It boggles my mind—in a happy way! Conscious thoughts in making a decision cannot even begin to capture that level of connectivity. Behavior, thoughts, and actions might seem to appear out of the blue, but we don’t even have a way to describe what’s happening. You could damage your little finger and still be you, but if you damage that much brain, it might affect your ability to speak, to understand music, to avoid a hot stove, or to recognize yourself in a mirror. When the brain changes, so do we. Most of its function is below conscious level but ultimately it controls our journey of thousands of miles.
Having been introduced to Dr. Eagleman, I kept reading interviews with him and watching his videos. His previous book Sum is a journey of possibilities. After all, he calls himself a Possibilian. For this book he selected 40 possible “reasons for our existence and the meaning of life and death.” In various stories, maybe “God is a married couple,” or “God is the size of a bacterium,” or “life runs backwards after the expansion of the universe reverses and you get to see all the details you mis-remembered.” [iii] When he made up the word possibilian in a lecture, hundreds of people had emailed him by the time he got back to his office, so he did the modern first thing: launched the website possibilian.com. Check it out!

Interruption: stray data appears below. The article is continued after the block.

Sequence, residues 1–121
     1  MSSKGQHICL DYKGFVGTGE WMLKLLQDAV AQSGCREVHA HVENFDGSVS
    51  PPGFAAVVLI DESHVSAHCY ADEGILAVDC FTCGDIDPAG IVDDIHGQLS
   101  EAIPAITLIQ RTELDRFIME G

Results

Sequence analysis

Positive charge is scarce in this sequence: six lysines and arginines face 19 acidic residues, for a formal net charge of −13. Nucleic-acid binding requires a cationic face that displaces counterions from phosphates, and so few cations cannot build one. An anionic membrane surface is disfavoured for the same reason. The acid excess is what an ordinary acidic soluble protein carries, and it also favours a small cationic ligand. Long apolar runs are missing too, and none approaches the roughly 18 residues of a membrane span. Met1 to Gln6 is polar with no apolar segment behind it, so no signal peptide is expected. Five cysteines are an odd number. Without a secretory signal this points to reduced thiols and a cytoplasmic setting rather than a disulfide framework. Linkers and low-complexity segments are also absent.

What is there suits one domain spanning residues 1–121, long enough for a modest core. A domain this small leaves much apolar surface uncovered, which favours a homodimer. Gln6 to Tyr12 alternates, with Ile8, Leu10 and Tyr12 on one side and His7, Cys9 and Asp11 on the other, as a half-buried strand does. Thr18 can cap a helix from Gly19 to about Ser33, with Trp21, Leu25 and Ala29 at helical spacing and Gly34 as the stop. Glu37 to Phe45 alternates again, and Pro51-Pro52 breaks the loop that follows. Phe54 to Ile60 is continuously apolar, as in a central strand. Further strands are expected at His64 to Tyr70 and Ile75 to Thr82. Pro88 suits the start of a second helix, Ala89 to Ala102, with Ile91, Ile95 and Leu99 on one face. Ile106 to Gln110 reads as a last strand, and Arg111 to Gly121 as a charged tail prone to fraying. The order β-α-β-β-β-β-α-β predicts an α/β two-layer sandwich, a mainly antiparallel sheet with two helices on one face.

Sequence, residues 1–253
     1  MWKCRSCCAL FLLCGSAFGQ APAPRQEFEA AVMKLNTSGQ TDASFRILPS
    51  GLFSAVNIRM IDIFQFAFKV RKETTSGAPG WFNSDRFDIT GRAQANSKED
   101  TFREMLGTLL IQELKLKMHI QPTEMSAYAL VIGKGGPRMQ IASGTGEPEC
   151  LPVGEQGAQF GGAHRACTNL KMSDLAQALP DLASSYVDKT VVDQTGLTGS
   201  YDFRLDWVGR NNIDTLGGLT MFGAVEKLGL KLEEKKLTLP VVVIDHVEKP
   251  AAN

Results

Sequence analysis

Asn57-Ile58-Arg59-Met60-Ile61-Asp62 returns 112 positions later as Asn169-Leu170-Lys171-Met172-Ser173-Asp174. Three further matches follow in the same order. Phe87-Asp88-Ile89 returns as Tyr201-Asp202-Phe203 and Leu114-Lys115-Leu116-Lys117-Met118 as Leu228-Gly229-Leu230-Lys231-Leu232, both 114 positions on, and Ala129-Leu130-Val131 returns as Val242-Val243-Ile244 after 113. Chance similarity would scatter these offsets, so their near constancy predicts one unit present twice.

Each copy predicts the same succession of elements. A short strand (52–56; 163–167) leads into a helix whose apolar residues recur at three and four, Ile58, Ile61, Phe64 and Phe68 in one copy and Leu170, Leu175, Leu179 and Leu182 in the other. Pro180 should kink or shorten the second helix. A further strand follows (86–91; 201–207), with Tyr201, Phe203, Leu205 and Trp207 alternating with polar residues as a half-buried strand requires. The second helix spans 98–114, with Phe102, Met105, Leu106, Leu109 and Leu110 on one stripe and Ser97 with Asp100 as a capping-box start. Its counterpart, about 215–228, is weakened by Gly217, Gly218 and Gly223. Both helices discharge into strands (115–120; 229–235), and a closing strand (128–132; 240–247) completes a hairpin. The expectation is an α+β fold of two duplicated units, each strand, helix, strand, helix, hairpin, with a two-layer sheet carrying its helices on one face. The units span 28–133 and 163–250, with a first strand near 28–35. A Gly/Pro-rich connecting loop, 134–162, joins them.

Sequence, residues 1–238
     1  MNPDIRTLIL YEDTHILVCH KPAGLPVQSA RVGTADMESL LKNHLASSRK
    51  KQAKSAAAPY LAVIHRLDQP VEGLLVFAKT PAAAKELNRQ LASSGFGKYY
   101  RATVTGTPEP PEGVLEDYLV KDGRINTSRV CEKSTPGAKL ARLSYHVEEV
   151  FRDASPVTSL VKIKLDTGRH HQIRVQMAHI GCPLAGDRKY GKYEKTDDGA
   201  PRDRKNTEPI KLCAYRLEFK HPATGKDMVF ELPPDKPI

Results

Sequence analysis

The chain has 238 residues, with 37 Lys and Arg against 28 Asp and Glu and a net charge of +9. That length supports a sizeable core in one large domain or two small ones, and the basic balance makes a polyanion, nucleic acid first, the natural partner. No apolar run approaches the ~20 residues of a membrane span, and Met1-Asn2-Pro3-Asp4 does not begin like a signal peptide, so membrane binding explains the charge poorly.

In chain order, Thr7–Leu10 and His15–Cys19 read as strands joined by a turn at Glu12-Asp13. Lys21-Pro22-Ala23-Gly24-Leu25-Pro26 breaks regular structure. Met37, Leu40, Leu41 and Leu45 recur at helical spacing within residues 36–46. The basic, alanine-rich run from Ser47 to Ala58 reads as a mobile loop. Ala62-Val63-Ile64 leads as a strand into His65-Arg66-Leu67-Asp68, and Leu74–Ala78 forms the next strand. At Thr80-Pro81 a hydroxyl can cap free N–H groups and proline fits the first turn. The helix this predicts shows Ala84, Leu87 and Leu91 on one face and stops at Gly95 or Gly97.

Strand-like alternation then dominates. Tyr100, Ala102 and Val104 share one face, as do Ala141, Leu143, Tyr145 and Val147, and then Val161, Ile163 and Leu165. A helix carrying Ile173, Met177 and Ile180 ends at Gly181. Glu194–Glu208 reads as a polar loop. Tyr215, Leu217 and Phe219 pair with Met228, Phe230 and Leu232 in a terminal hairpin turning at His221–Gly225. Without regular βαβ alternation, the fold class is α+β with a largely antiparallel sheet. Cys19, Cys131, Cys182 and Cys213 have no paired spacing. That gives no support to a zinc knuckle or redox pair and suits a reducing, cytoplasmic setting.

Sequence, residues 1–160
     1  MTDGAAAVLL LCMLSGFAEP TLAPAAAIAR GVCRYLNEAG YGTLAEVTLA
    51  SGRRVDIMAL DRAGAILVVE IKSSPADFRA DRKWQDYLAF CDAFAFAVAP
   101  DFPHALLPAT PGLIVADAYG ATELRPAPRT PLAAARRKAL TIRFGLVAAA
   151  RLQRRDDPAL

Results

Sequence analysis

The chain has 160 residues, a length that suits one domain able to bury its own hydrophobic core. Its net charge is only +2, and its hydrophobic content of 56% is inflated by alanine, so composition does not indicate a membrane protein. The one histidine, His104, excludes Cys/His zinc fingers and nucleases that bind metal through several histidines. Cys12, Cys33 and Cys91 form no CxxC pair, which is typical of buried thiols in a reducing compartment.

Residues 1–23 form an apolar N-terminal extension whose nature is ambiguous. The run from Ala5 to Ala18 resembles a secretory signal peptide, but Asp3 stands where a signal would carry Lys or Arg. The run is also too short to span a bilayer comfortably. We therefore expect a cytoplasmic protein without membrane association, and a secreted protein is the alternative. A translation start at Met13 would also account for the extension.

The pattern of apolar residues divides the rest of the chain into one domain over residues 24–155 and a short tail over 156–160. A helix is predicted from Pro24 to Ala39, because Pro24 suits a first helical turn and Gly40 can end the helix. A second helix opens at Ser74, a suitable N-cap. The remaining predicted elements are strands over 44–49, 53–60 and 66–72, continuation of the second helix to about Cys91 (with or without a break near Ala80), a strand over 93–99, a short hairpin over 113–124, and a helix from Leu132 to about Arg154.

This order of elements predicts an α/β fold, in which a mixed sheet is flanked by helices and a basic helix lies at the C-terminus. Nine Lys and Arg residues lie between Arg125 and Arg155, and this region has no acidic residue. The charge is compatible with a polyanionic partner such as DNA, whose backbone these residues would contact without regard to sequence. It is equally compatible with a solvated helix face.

As a Possibilian, Eagleman rivals the late great Carl Sagan in his ability to fascinate audiences about science and its creative process. So much scientific knowledge has been gained over the past 400 years! “We reached the moon and eradicated smallpox and built the Net and tripled life spans.” It’s like we are building a pier out into the ocean or out into space. One by one we add planks of knowledge to the end of the pier for new generations to follow. But eventually, standing at the end of the pier, all you can see in the distance is mystery. Eagleman describes mystery as “The equivalence of mass and energy, dark matter, multiple spatial dimensions, how to build consciousness from pieces and parts, what life and death are about, and so on. I have no doubt that we will continue to build the pier out, several new slats in each generation, but we have no guarantee how far we’ll get. [iv]
From the depths of one of those nematodes found deep in a South African cave to the outer reaches of space, the frontier beckons. Enjoy this time lapse view from four Very Large Telescopes in Chile. Let your mind soar on a journey through space and time.
We are a part of this! We may not know where we’re going, but we are on the journey!
[i] A version of this op-ed appeared in print on May 31, 2011, on page A23 of the New York edition with the headline: It’s Not About You.